More calls for transparency in the aftermath of Husky oil spill
Independent report released after testing of North Saskatchewan River
Nearly two weeks after a group of grassroots organizers joined together to conduct their own testing of the North Saskatchewan River, a report released Friday is calling on more transparency from Husky Energy.
"It's not enough to say we have this many boats on the water if we don't know what those boats are doing," said Ricardo Segovia. "If they're just rolling up and down the water doing nothing, then it doesn't matter if you have thousands of boats out there."
Segovia was one of three people on the ground collecting data over the last two weeks. He's a hydrogeologist who was looking at the environmental and ecological impacts after the Husky Energy oil spill.
Segovia said the team gathered nine samples at strategic spots along the North Saskatchewan River on Aug.16 and 17. He said thousands of samples are unnecessary in this case. Segovia also said the team collected sediment samples that showed a "definite presence of contaminants."
In an initial primary assessment report of 43 pages, Segovia's team highlighted the data they collected, people they interviewed and provided a detailed description of how they felt Husky's response was inadequate.
"People need to be more critical," said Segovia. "I don't think very many people are criticizing Husky the way they should be criticized."
The independent group wants facts and figures. In the report, there are a number of recommendations highlighted including demanding "full access to the raw data from Husky's sampling program and a detailed cleanup strategy."
The report also calls into question Husky's late reaction to the July oil spill, saying the 14-hour delay "allowed time for the spill to travel much further downstream."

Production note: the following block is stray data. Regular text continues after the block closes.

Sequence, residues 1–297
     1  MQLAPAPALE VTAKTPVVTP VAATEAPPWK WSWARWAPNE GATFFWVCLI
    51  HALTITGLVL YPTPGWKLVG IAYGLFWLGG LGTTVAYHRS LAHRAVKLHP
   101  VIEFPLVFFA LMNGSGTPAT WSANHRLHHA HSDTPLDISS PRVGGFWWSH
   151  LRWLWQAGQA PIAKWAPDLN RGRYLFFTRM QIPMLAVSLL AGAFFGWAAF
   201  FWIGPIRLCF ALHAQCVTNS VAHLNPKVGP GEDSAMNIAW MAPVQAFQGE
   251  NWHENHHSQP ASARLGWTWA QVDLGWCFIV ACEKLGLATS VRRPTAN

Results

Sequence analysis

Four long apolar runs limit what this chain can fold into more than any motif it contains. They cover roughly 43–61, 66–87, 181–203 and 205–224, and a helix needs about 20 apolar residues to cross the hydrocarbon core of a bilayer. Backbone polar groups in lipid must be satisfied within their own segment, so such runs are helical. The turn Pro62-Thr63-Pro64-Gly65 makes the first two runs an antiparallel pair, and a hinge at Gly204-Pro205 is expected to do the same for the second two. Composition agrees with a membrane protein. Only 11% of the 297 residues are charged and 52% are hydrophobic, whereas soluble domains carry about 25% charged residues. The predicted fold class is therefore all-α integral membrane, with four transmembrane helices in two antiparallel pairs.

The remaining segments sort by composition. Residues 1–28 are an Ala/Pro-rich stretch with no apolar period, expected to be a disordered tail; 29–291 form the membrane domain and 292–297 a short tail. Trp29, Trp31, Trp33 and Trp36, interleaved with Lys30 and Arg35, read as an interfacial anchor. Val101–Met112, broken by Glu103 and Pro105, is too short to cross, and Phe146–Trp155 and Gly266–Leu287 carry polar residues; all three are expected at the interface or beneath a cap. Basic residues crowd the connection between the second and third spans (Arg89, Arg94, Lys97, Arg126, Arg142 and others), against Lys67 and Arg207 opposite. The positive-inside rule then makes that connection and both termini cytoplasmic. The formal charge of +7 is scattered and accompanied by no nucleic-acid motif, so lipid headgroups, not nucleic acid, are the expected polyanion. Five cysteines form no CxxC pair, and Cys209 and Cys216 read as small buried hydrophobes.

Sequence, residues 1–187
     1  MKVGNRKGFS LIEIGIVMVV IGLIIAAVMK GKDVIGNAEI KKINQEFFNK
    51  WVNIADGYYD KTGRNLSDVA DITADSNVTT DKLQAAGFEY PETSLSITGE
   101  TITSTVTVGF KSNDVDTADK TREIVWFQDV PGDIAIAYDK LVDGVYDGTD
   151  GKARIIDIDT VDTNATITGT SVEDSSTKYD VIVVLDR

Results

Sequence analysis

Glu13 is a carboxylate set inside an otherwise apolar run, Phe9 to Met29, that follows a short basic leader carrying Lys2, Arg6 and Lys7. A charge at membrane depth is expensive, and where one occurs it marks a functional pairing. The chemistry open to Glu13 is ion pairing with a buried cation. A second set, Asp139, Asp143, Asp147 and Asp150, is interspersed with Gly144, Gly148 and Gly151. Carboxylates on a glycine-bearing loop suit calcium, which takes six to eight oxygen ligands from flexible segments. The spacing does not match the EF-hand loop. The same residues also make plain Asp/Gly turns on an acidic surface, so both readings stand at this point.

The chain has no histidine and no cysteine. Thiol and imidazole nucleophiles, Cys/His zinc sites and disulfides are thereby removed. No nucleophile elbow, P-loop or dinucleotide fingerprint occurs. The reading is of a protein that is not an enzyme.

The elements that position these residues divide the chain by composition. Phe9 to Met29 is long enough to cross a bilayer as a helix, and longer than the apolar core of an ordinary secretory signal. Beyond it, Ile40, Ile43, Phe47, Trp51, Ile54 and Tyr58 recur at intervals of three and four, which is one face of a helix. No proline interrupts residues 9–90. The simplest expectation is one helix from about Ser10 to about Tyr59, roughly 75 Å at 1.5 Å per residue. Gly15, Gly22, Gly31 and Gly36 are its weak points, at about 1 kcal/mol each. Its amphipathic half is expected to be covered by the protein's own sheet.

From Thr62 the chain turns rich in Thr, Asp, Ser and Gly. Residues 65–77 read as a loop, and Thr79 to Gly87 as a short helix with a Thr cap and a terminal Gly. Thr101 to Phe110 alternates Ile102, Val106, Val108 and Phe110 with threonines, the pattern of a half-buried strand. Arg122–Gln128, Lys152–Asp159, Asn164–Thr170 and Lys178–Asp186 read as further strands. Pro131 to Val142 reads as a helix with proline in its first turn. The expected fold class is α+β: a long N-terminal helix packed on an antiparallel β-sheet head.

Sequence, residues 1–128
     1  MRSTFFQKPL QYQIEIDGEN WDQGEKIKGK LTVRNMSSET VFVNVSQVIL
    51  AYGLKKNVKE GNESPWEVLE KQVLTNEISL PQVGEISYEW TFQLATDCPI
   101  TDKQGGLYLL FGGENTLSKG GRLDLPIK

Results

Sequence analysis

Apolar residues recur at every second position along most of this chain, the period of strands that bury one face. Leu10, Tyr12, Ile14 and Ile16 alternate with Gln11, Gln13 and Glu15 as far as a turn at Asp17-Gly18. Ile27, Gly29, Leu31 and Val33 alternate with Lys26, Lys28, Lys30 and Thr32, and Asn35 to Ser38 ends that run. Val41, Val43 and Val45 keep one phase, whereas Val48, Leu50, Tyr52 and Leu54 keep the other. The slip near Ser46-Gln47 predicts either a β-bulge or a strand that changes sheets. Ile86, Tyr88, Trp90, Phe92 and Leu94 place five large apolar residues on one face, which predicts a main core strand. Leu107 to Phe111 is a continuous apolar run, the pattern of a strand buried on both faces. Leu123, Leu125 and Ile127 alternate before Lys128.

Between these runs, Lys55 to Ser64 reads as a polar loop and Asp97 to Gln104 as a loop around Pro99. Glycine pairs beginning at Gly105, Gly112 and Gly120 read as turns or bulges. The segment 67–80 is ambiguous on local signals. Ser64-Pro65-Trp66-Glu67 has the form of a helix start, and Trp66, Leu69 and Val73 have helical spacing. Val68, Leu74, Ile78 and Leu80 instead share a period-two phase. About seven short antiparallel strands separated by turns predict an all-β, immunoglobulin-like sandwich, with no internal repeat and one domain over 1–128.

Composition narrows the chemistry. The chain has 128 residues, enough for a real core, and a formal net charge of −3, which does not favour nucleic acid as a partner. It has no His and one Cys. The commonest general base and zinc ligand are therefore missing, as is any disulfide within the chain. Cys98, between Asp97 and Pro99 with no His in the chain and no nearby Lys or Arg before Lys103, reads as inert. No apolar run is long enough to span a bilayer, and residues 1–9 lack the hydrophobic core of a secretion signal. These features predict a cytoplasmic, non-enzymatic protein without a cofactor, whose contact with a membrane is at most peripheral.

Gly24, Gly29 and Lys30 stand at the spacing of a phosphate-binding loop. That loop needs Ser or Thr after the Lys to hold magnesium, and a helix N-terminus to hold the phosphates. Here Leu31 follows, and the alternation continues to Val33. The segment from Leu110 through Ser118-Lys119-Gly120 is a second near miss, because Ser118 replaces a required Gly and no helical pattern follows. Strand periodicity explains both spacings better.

In late July, a pipeline break, reported by Husky Energy, resulted in an estimated 200,000 to 250,000 litres of oil reaching the North Saskatchewan, entering the water near Maidstone, Sask. So far, the government has said Husky has recovered 73 per cent of the oil and solvent that spilled into the river. Eighty-four per cent of the "high priority areas" have been cleaned.
But Segovia says despite Husky continuing their cleanup, they are ignoring the fact that the oil is now settling on the bottom of the river.
"This is going to cause long-terms problems," said Segovia. "There isn't enough detail about the results coming out or the methods used or the quality-control documents."
Segovia and his team are now looking to secure more funding so that they can continue to test the water.
"People are obviously very hungry to get some clear answers and some independent technical data," said Segovia.
Husky Energy responds to report
Husky spokesperson Mel Duvall said in an email response that it is difficult to respond to the report as they did not participate in it.
"I would note that there are a number of basic errors," said Duvall.
Duvall points to a part in the report that claims Husky only took water samples, but Duvall said "more than 1,300 sediment samples have been taken to date."
He also said Husky's response was immediate upon discovery of the leak.
Finally, Duvall said the report states that 250,000 litres of oil was spilled into the river, but said "almost 50 per cent of the spill volume was contained on land and never reached the river."
Duvall finished his email response by saying Husky has shared cleanup plans as well as the results of the testing programs with downstream communities and that the company will continue to do so.